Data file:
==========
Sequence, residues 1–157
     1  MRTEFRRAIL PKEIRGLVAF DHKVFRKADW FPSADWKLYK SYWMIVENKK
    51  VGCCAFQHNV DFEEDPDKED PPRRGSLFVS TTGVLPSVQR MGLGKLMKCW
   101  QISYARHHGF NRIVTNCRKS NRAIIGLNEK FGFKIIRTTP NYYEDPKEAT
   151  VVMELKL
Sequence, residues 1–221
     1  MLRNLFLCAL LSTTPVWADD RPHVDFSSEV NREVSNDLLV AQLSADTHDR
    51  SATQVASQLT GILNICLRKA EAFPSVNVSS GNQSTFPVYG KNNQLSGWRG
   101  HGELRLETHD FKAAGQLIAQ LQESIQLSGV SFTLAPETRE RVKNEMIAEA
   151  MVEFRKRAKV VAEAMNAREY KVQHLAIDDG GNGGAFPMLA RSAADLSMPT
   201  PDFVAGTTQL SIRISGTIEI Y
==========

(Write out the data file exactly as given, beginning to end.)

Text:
Sequence, residues 1–157
     1  MRTEFRRAIL PKEIRGLVAF DHKVFRKADW FPSADWKLYK SYWMIVENKK
    51  VGCCAFQHNV DFEEDPDKED PPRRGSLFVS TTGVLPSVQR MGLGKLMKCW
   101  QISYARHHGF NRIVTNCRKS NRAIIGLNEK FGFKIIRTTP NYYEDPKEAT
   151  VVMELKL
Sequence, residues 1–221
     1  MLRNLFLCAL LSTTPVWADD RPHVDFSSEV NREVSNDLLV AQLSADTHDR
    51  SATQVASQLT GILNICLRKA EAFPSVNVSS GNQSTFPVYG KNNQLSGWRG
   101  HGELRLETHD FKAAGQLIAQ LQESIQLSGV SFTLAPETRE RVKNEMIAEA
   151  MVEFRKRAKV VAEAMNAREY KVQHLAIDDG GNGGAFPMLA RSAADLSMPT
   201  PDFVAGTTQL SIRISGTIEI Y